Children everywhere, often ragged unwashed street children yet still managing to smile. I think that the visit of white people (‘muzungus’) just reminded them they are not forgotten. On the plane from Amsterdam to London I suddenly experienced a wave of emotion that made me weep for these dear children as I considered the material wealth I was coming back to and the material poverty that they live in. I was reminded of Jesus’ words to Peter: “Feed my lambs…take care of my sheep.” Also his words teaching us that the way we show we love Him is by loving others.

But there is hope and people’s lives are being helped through schemes such as Five Talents and other micro-finance projects. FT Uganda helps the ‘active poor’ with small loans (about £30). It may not sound much to us but it could help a baker buy better quality flour, so sell his bread at a better price and employ other men. It could help a lady hire labourers to plant out a field of onion seedlings now in order to sell them later at a profit of about £1200 and thus pay for her children to go to school. It could help a lady who owns a cow to buy medical treatments for it and make a living selling milk. Occasionally she hires a bull to breed with the cow and sells the resulting calf.

The importance of ex-patriot company for western missionaries – a party and karaoke evening for a group of Emmanuel International workers in Kampala.

The cold grey skies of England with their cold grey drizzle are such a contrast to Uganda, but it is the same God who is Father of us all; the same Lord Jesus who calls us his brothers and sisters; the same Holy Spirit who touches our hearts with God’s love and empowers us to serve him. Though we are 3000 miles away we are joined through the love of God, and when you have been to Africa once you feel joined for ever. I can begin to understand why David Livingstone had his heart buried in Africa when he died. It’s said that when you have been there you can take a person out of Africa, but you can’t take Africa out of the person.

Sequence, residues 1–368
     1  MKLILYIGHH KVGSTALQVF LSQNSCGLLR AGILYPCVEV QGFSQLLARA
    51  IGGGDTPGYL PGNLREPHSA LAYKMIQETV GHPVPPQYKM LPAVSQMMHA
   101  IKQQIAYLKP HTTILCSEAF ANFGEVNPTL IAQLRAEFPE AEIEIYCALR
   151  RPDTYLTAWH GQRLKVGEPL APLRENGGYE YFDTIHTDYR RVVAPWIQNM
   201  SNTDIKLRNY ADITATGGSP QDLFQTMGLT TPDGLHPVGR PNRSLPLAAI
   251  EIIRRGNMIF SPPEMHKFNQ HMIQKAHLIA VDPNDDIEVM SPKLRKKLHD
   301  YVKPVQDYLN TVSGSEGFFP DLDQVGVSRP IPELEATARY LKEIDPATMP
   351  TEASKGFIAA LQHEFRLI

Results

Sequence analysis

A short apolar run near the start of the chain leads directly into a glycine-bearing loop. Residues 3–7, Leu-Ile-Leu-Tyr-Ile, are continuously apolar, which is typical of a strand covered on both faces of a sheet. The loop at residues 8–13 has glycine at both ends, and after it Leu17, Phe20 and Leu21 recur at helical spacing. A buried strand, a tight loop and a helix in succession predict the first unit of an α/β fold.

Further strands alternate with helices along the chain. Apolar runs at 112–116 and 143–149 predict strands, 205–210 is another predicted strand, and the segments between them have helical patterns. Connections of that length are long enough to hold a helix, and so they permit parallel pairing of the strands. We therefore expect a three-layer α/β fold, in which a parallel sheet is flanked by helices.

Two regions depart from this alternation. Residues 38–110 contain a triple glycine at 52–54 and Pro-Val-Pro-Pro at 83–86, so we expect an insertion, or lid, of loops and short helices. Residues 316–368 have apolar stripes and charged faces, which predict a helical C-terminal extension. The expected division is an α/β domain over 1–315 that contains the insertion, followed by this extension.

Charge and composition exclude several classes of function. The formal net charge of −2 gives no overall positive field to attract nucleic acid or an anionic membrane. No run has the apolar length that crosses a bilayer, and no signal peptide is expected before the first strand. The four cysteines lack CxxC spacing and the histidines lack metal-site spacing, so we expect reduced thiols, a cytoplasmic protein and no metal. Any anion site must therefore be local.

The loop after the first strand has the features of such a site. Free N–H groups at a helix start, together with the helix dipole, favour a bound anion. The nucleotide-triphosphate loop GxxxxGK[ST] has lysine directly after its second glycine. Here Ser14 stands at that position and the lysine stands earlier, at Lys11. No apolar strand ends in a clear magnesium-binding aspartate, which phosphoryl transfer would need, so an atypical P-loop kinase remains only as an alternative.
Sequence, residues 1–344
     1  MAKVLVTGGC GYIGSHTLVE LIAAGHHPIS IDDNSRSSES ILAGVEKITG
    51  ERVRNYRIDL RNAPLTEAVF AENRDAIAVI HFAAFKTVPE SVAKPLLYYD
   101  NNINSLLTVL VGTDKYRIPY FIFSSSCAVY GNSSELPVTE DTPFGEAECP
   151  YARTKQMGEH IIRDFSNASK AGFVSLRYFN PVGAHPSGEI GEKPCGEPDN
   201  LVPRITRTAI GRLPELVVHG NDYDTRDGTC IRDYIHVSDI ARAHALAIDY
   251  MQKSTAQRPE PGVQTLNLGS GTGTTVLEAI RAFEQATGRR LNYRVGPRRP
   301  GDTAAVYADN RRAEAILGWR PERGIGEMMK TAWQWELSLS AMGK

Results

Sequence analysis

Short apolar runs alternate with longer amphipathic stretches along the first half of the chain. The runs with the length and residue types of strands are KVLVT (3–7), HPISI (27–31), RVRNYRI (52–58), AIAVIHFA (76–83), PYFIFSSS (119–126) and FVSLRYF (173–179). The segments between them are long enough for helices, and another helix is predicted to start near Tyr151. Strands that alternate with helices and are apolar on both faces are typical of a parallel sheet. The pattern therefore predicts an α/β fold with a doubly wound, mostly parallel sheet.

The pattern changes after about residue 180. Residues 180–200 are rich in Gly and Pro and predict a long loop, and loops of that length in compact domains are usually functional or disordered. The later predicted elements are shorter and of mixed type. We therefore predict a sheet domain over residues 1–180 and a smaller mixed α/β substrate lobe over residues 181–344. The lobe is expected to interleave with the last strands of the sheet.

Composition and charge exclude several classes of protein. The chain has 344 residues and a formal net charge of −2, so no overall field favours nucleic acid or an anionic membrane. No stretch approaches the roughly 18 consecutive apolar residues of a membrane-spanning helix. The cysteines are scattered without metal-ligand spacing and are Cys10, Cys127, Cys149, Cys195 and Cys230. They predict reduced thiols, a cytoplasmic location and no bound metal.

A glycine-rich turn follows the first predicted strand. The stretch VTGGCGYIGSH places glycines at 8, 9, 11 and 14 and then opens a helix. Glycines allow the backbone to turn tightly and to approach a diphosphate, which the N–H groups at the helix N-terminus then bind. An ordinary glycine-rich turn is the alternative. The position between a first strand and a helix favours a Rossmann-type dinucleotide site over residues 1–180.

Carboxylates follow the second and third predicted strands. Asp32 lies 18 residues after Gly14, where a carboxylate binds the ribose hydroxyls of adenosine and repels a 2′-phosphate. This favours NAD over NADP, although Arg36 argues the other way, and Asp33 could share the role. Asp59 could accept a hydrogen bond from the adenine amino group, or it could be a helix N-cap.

I shall be meeting with Alan and Cheryl Parrett and others in early March to discuss the possibilities for a team going with EI from St John’s. I shall be first on the waiting list. Who will come and join me?

Wednesday, 31 January 2007

Podcast prayer

For those of you into podcasting, or even just have a PC with broadband here is a great way to start the day - at home or on the way to work. I've discovered a website called developed by the British Jesuits. Each day, Monday to Friday, in about 13 minutes it combines music, scripture and some questions for reflection. I'm finding that the scripture passage stays with me during the day, and I can come back to it at different times and hear God speaking to me through his word.